‘Tired to the bone’: Hospitals overwhelmed with virus cases
Overwhelmed hospitals are converting chapels, cafeterias, waiting rooms, hallways, even a parking garage into patient treatment areas. Staff members are desperately calling around to other medical centers in search of open beds. Fatigue and frustration are setting in among front-line workers.
Conditions inside the nation’s hospitals are deteriorating by the day as the coronavirus rages across the U.S. at an unrelenting pace and the death toll closes in on a quarter-million.
“We are depressed, disheartened and tired to the bone,” said Alison Johnson, director of critical care at Johnson City Medical Center in Tennessee, adding that she drives to and from work some days in tears.
The number of people in the hospital with COVID-19 in the U.S. has doubled in the past month and set new records every day this week. As of Tuesday, nearly 77,000 were hospitalized with the virus.
Newly confirmed infections per day in the U.S. have exploded more than 80% over the past two weeks to the highest levels on record, with the daily count running at close to 160,000 on average. Cases are on the rise in all 50 states. Deaths are averaging more than 1,155 per day, the highest in months.
Trump pursues recount of 2 liberal Wisconsin counties
MADISON, Wis. — President Donald Trump filed Wednesday for a recount of Wisconsin’s two largest Democratic counties, paying the required $3 million cost and alleging that they were the sites of the “worst irregularities” although no evidence of illegal activity has been presented.
The recounts in Milwaukee and Dane counties will begin Friday and must be done by Dec. 1. Democrat Joe Biden received 577,455 votes in those two counties compared with 213,157 for Trump. Biden won statewide by 20,608 votes, based on canvassed results submitted by the counties.
“The official canvass results reaffirmed Joe Biden’s clear and resounding win in Wisconsin after Wisconsin voters turned out to cast their ballots in record numbers,” said Biden campaign spokesman Nate Evans. “A cherry-picked and selective recounting of Milwaukee and Dane County will not change these results.”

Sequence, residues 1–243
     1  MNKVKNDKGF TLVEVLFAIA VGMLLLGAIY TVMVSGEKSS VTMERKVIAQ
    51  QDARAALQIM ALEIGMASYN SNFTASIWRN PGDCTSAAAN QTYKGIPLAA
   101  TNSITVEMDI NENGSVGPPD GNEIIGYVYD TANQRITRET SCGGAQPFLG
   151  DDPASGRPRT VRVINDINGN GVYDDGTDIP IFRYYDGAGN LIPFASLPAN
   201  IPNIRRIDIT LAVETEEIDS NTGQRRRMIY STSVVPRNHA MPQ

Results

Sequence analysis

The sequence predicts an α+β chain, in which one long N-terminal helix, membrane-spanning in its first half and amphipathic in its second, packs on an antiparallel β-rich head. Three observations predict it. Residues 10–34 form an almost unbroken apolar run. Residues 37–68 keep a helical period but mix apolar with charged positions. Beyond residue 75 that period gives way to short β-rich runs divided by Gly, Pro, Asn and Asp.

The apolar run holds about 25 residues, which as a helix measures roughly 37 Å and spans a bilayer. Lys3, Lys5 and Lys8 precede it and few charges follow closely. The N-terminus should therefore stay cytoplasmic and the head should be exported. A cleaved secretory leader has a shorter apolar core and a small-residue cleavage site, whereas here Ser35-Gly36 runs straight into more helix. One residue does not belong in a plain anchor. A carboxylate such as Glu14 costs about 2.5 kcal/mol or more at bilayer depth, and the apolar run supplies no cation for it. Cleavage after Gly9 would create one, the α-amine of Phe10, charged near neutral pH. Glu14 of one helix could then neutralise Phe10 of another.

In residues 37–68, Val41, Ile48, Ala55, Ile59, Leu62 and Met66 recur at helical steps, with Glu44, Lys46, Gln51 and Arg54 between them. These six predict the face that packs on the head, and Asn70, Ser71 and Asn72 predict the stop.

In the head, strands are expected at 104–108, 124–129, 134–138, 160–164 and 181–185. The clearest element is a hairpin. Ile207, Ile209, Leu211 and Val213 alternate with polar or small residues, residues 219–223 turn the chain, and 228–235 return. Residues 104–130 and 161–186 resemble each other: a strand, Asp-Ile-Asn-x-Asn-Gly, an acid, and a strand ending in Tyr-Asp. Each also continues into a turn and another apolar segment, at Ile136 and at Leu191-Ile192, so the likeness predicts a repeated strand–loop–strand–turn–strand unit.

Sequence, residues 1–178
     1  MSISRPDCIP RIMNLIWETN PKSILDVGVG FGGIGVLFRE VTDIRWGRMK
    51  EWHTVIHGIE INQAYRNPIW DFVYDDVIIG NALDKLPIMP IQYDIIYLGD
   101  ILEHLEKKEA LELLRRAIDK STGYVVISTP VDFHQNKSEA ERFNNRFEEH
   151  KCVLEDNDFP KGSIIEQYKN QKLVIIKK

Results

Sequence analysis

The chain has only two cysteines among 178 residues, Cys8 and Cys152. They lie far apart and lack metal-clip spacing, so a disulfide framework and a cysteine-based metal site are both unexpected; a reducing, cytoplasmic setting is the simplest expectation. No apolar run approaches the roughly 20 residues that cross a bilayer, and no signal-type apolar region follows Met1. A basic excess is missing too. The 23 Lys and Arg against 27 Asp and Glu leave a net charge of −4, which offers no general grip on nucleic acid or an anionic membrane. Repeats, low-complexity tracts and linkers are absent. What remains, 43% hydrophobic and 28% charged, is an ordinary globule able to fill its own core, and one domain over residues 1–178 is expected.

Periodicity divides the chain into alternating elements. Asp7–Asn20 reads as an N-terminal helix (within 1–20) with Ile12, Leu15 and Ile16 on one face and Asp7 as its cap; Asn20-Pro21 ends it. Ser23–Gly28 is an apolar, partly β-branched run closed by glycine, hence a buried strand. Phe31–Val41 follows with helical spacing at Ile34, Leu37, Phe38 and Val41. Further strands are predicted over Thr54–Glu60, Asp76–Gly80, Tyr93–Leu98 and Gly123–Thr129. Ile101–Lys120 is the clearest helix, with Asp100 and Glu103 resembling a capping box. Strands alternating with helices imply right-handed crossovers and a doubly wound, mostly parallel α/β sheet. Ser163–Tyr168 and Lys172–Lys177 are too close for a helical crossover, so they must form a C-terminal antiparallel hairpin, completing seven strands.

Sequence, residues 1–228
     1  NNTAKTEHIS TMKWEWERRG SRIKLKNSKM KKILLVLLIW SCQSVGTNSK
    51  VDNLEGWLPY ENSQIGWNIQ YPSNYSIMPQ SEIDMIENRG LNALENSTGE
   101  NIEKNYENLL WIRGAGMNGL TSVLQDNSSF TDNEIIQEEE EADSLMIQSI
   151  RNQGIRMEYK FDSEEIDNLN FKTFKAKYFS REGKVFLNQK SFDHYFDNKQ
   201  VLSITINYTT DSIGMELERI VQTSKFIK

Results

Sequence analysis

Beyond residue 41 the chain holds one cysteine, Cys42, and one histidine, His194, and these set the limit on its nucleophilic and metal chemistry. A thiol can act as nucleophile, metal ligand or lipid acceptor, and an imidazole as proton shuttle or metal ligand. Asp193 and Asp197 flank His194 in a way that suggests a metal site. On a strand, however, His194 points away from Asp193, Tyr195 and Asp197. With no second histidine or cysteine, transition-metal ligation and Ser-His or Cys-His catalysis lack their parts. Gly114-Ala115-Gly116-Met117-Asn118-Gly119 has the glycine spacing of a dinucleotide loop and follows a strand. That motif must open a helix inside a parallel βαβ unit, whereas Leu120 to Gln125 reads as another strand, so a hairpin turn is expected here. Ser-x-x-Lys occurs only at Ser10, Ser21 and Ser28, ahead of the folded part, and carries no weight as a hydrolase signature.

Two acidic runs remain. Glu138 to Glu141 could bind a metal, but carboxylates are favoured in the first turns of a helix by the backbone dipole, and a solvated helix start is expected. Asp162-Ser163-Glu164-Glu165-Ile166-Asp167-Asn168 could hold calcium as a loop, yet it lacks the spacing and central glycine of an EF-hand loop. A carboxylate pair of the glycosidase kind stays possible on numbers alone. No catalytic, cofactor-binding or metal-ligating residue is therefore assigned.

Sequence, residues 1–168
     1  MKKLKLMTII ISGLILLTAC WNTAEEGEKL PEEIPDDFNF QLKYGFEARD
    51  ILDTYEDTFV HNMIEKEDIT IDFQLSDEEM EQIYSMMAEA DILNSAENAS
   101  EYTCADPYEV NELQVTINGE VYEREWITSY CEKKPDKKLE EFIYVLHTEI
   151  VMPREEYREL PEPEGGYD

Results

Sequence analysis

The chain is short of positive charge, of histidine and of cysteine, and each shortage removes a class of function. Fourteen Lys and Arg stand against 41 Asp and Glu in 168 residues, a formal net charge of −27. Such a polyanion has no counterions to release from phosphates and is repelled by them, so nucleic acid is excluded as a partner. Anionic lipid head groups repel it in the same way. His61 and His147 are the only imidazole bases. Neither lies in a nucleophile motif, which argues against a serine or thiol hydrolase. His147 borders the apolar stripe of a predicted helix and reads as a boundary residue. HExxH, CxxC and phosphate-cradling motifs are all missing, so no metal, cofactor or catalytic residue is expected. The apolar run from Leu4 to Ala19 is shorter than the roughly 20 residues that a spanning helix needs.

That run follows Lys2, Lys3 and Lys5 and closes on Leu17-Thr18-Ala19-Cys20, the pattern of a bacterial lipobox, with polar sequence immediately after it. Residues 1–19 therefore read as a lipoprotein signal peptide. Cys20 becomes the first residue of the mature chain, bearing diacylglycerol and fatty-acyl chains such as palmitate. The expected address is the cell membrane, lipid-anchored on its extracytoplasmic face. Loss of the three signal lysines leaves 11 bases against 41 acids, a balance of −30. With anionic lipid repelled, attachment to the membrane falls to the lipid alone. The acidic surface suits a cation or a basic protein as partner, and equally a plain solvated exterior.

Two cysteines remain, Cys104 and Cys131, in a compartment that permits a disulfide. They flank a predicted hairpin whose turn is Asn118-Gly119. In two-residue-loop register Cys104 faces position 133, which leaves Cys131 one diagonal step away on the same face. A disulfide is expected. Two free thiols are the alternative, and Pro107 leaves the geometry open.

Milwaukee County is the state’s largest, home to the city of Milwaukee, and Black people make up about 27% of the population, more than any other county. Dane County is home to the liberal capital city of Madison and the flagship University of Wisconsin campus.
“The people of Wisconsin deserve to know whether their election processes worked in a legal and transparent way,” said Wisconsin attorney Jim Troupis, who is working with the Trump campaign. “Regrettably, the integrity of the election results cannot be trusted without a recount in these two counties and uniform enforcement of Wisconsin absentee ballot requirements. We will not know the true results of the election until only the legal ballots cast are counted.”
Wind in forecast raises fears after Nevada fire burns homes
RENO, Nev. — Another lashing of strong winds expected in northern Nevada raised concerns Wednesday about reviving a wildfire that roared through a neighborhood in Reno in similar weather a day earlier, destroying at least five houses, damaging 15 other structures and forcing people to flee from hundreds of homes.
A separate fire about 100 miles (160 kilometers) south and across the border in California exploded in whipping winds Tuesday, killing one person and burning an unknown number of homes in a small community.
Both blazes got help from rain that moved in overnight, but the new forecast raised fresh fears in Reno.
“We’re looking at 40 mph winds in the valleys again today, 70 mph over the ridgetops, so that will be a concern for us,” Fire Department incident commander Mark Winkelman said.
From wire sources
Two firefighters were injured while battling the blaze over 2 square miles (5 square kilometers) but have been treated and released. One suffered an allergic reaction, and the other tore a calf muscle helping evacuate residents from up to 500 homes threatened Tuesday in southwest Reno.
US drops drug trafficking charges against ex-Mexican general